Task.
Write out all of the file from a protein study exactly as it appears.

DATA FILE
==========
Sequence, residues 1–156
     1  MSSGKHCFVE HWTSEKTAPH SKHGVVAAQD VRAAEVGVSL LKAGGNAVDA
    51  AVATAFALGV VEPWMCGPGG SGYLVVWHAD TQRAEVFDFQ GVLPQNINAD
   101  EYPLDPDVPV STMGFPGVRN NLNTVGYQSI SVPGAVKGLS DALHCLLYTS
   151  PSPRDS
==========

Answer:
Sequence, residues 1–156
     1  MSSGKHCFVE HWTSEKTAPH SKHGVVAAQD VRAAEVGVSL LKAGGNAVDA
    51  AVATAFALGV VEPWMCGPGG SGYLVVWHAD TQRAEVFDFQ GVLPQNINAD
   101  EYPLDPDVPV STMGFPGVRN NLNTVGYQSI SVPGAVKGLS DALHCLLYTS
   151  PSPRDS